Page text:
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Retailers offer boxes made to fit the item that you order

Customized boxes help to cut back on waste and allow more packages on delivery trucks.

WASHINGTON — It happens more often than not. You scroll the web or your favorite app and something catches your eye. A few clicks later, you order a small item, and yet it arrives in a huge box stuffed with paper, plastic bubble wrap, or peanuts. While these items are great at protecting packages, it comes at a cost to the environment.  

What doesn't get recycled could end up in a landfill. The Environmental Protection Agency found 17.2 million tons of paper and cardboard ended up in a landfill in 2018.  

Retailers like Walmart and Amazon are tackling the problem with customized boxes, which help eliminate the need for additional paper or plastic to protect shipments. 

Utah-based Packsize has technology that makes boxes   sfit the exact size of the item being shipped. The machines get measurements on an item, build a cardboard box, creases, folds, labels and seals it. Boxes can be ready to ship in as little as 30 minutes. Packsize's technology can crank out as many as 600 boxes per hour, according to the company's website. The company can build a box customized to fit something as small as a golf ball or a golf cart. 

“If you think about shipping boxes, if you use less material outside, definitely they’ll be less material inside," said American University Assistant Professor Garima Sharma. "So a win for the environment, also possible cost savings for the company," she said.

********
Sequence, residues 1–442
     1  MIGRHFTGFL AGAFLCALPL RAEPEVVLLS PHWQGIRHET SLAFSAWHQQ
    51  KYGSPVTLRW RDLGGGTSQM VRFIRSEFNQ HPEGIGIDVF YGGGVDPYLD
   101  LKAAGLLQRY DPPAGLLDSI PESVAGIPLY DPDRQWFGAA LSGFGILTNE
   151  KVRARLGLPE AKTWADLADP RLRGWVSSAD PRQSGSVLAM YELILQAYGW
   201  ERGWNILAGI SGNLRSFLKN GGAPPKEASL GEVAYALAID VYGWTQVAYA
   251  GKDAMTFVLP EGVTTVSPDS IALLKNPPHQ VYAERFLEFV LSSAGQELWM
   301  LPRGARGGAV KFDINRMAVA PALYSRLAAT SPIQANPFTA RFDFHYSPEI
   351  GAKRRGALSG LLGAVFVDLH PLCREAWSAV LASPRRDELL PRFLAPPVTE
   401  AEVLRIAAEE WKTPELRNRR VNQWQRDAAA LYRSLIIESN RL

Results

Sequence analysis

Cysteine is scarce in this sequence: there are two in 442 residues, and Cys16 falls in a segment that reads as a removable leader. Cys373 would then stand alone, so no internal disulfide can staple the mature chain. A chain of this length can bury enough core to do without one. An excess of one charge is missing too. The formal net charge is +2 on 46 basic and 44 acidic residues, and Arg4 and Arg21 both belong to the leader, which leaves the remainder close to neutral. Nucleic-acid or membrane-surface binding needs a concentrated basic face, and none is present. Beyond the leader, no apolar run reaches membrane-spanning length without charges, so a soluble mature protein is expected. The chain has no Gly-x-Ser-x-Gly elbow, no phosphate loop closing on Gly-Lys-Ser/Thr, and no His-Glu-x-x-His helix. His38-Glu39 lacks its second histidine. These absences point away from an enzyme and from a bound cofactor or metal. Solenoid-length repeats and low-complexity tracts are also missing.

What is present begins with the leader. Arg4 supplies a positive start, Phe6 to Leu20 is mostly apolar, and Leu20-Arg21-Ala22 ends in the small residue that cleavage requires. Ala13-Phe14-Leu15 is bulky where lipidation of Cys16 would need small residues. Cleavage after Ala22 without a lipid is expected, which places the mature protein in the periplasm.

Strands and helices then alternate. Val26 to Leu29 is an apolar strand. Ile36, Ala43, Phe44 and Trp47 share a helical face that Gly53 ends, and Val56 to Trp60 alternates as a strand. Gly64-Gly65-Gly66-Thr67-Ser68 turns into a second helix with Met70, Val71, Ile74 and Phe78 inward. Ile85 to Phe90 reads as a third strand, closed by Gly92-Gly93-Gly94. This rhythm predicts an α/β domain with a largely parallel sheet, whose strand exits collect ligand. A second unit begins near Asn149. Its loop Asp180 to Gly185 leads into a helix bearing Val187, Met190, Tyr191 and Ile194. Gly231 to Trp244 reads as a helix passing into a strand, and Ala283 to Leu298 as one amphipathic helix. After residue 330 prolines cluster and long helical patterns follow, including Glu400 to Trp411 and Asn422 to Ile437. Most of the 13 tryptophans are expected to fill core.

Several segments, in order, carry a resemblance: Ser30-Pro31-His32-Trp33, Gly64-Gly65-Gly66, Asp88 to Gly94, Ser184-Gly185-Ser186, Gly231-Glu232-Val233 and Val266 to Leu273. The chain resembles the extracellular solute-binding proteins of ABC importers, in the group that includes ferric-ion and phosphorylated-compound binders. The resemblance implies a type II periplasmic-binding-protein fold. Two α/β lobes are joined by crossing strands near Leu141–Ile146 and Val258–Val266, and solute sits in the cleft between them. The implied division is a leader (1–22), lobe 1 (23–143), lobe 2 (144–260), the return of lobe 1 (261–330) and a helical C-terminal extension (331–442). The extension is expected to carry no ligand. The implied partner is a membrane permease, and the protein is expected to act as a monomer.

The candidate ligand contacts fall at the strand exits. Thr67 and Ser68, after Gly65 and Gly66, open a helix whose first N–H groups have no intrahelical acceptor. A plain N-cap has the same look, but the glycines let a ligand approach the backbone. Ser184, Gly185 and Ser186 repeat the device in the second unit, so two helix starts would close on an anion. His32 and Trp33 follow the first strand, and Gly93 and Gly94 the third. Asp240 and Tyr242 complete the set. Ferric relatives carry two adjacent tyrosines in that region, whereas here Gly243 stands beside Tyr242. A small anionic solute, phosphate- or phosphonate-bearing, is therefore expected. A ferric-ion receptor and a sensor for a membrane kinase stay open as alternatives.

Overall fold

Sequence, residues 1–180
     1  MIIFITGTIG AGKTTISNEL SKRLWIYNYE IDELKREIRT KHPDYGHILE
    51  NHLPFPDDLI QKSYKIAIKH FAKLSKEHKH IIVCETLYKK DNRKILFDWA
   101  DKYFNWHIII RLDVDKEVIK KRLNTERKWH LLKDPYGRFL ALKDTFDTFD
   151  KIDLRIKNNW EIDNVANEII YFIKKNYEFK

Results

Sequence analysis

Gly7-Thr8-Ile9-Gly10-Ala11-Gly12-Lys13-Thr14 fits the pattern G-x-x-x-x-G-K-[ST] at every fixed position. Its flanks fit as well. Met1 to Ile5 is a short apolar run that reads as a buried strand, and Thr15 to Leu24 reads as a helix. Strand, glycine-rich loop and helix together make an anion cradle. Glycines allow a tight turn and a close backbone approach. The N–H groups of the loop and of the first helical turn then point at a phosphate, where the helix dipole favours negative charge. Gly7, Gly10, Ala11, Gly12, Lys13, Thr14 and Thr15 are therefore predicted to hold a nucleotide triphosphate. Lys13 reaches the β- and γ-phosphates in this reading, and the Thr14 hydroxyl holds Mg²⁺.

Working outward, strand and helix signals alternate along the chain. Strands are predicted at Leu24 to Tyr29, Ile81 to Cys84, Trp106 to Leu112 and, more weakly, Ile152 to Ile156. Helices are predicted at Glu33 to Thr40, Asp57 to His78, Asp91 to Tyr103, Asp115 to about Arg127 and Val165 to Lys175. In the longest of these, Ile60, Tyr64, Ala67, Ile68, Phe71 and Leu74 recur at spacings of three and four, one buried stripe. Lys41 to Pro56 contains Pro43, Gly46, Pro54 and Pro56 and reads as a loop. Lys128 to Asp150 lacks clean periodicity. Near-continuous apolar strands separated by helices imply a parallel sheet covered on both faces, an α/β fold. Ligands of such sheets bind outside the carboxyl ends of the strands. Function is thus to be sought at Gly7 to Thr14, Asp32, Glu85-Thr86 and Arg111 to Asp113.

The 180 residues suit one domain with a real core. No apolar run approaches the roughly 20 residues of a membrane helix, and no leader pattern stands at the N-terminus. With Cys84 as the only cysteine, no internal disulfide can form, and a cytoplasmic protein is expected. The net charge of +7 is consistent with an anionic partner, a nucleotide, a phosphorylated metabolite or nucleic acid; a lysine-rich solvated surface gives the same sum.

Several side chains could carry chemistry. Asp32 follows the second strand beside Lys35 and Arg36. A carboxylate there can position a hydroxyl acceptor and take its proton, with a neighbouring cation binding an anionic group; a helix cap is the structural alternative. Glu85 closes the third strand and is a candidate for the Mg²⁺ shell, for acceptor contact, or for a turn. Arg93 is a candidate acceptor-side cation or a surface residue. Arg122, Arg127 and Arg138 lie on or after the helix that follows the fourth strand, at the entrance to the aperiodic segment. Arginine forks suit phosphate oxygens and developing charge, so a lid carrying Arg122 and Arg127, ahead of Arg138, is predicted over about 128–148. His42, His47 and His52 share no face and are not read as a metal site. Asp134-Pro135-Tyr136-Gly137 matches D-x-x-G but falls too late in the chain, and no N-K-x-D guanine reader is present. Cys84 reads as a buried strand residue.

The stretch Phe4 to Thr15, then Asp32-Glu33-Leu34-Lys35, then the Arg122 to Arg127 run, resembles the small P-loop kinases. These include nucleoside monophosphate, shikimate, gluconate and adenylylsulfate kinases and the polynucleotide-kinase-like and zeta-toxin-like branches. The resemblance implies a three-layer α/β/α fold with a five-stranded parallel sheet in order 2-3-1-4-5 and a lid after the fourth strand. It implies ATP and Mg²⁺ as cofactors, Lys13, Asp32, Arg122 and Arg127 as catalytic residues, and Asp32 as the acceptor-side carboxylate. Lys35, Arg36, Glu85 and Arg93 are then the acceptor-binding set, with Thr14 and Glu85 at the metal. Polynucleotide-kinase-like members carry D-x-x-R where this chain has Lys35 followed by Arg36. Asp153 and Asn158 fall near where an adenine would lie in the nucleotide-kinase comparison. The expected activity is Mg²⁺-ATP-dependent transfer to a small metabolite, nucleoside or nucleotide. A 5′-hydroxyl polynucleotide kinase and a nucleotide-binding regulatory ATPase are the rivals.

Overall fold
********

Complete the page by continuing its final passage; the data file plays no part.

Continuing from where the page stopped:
In addition to cutting cardboard waste, more boxes can fit on delivery trucks.  

"By right-sizing boxes, the technology minimizes the costs and environmental impact of extraneous and unneeded corrugated boxes. It also improves parcel logistics, enabling retailers to fit up to 33% more boxes on freight and delivery carriers – ultimately getting more orders to customers daily," Packsize said in a statement. 

Sharma said customized boxes are only one piece of the sustainability puzzle and hopes that more can be done. 

"Returns is a big issue. 90 percent of customer returns by some standards end up in a landfill. We need to think of customer purchasing behavior. We need to think about how waste is disposed," Sharma said. 

Some ways to reduce waste include buying quality items that will last longer, to avoid tossing them in the landfill. Assistant Professor Sharma also suggested perhaps making returns harder, or creating an alternate economy where people can sell items that they intend to return instead of returning them. 

Sharma is working on research with a team of experts based out of Canada to solve sustainability issues with a group called Innovation North. 



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